When he finally emerged from the course, Garcia appeared exhausted and battered. He looked like he wanted to crawl inside one of Pete Dye’s fiendish pot bunkers and bury his head.

“You go through up and downs in your life, in your career, and I've had really, really good times, really, really happy times, and then I've had times that were a little bit more down,” he assessed after Thursday’s opening round. “It's just the way of life. I think it happens to all of us.”

These have been happier times. He is head over heels with his new flame, Katharine Boehm. And his golf game has fallen in line, with 13 top-20 finishes in his last 14 worldwide starts, including a pair of victories.

All of which leads to a chicken-or-egg conundrum: Does being happy lead to better golf or does better golf lead to being happy?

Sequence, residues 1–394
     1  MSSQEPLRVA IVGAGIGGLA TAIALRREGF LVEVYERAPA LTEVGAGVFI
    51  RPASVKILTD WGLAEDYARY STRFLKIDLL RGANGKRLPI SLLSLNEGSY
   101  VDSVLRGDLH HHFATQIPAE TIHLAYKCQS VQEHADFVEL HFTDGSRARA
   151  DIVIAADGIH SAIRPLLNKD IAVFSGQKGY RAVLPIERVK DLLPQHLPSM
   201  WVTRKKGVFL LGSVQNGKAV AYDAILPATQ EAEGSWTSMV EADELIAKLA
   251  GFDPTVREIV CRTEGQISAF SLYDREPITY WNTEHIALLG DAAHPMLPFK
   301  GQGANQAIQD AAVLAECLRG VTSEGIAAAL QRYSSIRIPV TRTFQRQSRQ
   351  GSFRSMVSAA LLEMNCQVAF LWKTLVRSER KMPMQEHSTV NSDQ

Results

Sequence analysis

“It's a lot more spotty than when you're feeling good,” he said. “Mainly because I think when you're going through a rough patch, you seem to, I wouldn't say give up, but you seem to not fight as hard. Like when you're going through a good time, you make a bogey, and you're like, you're not happy about it, but you're like, let's try to get it back. When you're going through a bad patch, you make a bogey, and it's like, oh, here we go again.

“I don't know, the mind is a beautiful thing.”

Just a few weeks after Garcia told a television crew that he didn’t want to speak about the past, especially last year’s controversies surrounding his comments about Woods, he sat in the interview room at TPC Sawgrass and mowed down all questions like a series of uphill 2-foot putts.

He spoke with honesty and candor, even when Woods’ name was invoked.